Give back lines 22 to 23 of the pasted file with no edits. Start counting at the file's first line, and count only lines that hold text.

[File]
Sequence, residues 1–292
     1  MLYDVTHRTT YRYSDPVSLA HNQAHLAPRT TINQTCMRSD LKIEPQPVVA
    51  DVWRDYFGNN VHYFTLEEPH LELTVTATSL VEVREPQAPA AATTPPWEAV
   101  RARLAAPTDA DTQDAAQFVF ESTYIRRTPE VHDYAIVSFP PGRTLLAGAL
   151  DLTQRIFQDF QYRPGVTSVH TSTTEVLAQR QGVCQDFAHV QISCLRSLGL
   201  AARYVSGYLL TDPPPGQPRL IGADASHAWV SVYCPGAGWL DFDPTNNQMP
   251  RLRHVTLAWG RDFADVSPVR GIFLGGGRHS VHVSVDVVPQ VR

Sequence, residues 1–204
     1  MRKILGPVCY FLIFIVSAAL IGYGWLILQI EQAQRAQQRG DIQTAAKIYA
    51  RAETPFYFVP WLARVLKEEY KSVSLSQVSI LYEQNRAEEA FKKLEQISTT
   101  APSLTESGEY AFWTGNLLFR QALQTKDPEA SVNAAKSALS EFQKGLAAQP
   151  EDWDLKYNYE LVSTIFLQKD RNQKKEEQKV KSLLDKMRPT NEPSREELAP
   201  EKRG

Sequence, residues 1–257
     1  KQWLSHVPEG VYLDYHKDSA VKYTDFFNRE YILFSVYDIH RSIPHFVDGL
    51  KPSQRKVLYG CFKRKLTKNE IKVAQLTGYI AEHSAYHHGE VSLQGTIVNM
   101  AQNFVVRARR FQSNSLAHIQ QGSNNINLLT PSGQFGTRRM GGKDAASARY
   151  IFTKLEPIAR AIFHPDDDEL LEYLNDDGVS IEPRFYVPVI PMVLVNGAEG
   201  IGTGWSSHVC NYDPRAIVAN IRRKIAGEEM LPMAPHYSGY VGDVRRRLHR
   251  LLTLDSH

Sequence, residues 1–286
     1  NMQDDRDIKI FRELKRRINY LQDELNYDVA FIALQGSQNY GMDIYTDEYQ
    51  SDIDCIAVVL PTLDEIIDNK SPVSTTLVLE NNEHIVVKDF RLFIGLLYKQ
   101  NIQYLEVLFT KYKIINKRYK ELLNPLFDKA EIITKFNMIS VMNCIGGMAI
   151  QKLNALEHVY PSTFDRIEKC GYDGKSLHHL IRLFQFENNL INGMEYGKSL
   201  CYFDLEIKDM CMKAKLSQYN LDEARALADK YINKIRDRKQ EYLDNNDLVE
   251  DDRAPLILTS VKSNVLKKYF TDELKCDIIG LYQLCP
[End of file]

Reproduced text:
     1  NMQDDRDIKI FRELKRRINY LQDELNYDVA FIALQGSQNY GMDIYTDEYQ
    51  SDIDCIAVVL PTLDEIIDNK SPVSTTLVLE NNEHIVVKDF RLFIGLLYKQ